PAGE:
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Hypersphere
In mathematics, an -sphere or a hypersphere is a topological space that is homeomorphic to a ''standard'' -''sphere'', which is the set of points in -dimensional Euclidean space that are situated at a constant distance from a fixed point, called the ''center''. It is the generalization of an ordinary sphere in the ordinary three-dimensional space. The "radius" of a sphere is the constant distance of its points to the center. When the sphere has unit radius, it is usual to call it the unit -sphere or simply the -sphere for brevity. In terms of the standard norm, the -sphere is defined as : S^n = \left\ , and an -sphere of radius can be defined as : S^n(r) = \left\ . The dimension of -sphere is , and must not be confused with the dimension of the Euclidean space in which it is naturally embedded. An -sphere is the surface or boundary of an -dimensional ball. In particular: *the pair of points at the ends of a (one-dimensional) line segment is a 0-sphere, *a circle, which is ...
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3-sphere
In mathematics, a 3-sphere is a higher-dimensional analogue of a sphere. It may be embedded in 4-dimensional Euclidean space as the set of points equidistant from a fixed central point. Analogous to how the boundary of a ball in three dimensions is an ordinary sphere (or 2-sphere, a two-dimensional surface), the boundary of a ball in four dimensions is a 3-sphere (an object with three dimensions). A 3-sphere is an example of a 3-manifold and an ''n''-sphere. Definition In coordinates, a 3-sphere with center and radius is the set of all points in real, 4-dimensional space () such that :\sum_^3(x_i - C_i)^2 = ( x_0 - C_0 )^2 + ( x_1 - C_1 )^2 + ( x_2 - C_2 )^2+ ( x_3 - C_3 )^2 = r^2. The 3-sphere centered at the origin with radius 1 is called the unit 3-sphere and is usually denoted : :S^3 = \left\. It is often convenient to regard as the space with 2 complex dimensions () or the quaternions (). The unit 3-sphere is then given by :S^3 = \left\ or :S^3 = \left\. This ...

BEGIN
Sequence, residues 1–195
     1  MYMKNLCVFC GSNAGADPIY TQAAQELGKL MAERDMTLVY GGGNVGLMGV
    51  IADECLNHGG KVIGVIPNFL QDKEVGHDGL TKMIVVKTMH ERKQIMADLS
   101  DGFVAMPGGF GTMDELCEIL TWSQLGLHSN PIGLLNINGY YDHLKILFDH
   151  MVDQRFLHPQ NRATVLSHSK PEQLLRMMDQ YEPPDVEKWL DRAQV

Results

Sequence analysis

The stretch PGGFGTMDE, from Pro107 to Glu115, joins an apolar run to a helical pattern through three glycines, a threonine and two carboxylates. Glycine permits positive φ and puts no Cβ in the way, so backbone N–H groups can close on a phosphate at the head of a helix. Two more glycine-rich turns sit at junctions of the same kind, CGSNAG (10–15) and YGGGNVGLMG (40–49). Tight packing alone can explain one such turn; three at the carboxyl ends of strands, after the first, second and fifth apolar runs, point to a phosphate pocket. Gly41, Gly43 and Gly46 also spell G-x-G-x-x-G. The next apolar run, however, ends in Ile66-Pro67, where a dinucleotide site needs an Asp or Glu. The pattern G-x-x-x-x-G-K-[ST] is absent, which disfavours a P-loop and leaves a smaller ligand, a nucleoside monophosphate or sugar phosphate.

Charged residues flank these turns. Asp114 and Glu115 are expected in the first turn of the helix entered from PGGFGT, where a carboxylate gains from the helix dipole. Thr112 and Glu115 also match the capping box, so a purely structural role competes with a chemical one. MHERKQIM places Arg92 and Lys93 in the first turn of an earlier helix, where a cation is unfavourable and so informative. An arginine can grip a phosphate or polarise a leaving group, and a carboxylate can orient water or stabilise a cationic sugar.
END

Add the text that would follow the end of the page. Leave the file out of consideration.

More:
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Ball (mathematics)
In mathematics, a ball is the solid figure bounded by a ''sphere''; it is also called a solid sphere. It may be a closed ball (including the boundary points that constitute the sphere) or an open ball (excluding them). These concepts are defined not only in three-dimensional Euclidean space but also for lower and higher dimensions, and for metric spaces in general. A ''ball'' in dimensions is called a hyperball or -ball and is bounded by a ''hypersphere'' or ()-sphere. Thus, for example, a ball in the Euclidean plane is the same thing as a disk, the area bounded by a circle. In Euclidean 3-space, a ball is taken to be the volume bounded by a 2-dimensional sphere. In a one-dimensional space, a ball is a line segment. In other contexts, such as in Euclidean geometry and informal use, ''sphere'' is sometimes used to mean ''ball''. In the field of topology the closed n-dimensional ball is often denoted as B^n or D^n while the open n-dimensional ball is \operatorname B^n or \o ...
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Hypersphere Coord
In mathematics, an -sphere or a hypersphere is a topological space that is homeomorphic to a ''standard'' -''sphere'', which is the set of points in -dimensional Euclidean space that are situated at a constant distance from a fixed point, called the ''center''. It is the generalization of an ordinary sphere in the ordinary three-dimensional space. The "radius" of a sphere is the constant distance of its points to the center. When the sphere has unit radius, it is usual to call it the unit -sphere or simply the -sphere for brevity. In terms of the standard norm, the -sphere is defined as : S^n = \left\ , and an -sphere of radius can be defined as : S^n(r) = \left\ . The dimension of -sphere is , and must not be confused with the dimension of the Euclidean space in which it is naturally embedded. An -sphere is the surface or boundary of an -dimensional ball. In particular: *the pair of points at the ends of a (one-dimensional) line segment is a 0-sphere, *a circle, which is ...
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2-sphere